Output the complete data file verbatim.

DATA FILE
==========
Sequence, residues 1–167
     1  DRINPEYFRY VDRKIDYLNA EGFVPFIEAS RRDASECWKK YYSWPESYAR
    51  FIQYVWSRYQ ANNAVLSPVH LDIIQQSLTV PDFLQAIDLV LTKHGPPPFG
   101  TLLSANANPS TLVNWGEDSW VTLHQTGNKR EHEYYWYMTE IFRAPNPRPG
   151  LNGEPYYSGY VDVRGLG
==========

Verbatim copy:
Sequence, residues 1–167
     1  DRINPEYFRY VDRKIDYLNA EGFVPFIEAS RRDASECWKK YYSWPESYAR
    51  FIQYVWSRYQ ANNAVLSPVH LDIIQQSLTV PDFLQAIDLV LTKHGPPPFG
   101  TLLSANANPS TLVNWGEDSW VTLHQTGNKR EHEYYWYMTE IFRAPNPRPG
   151  LNGEPYYSGY VDVRGLG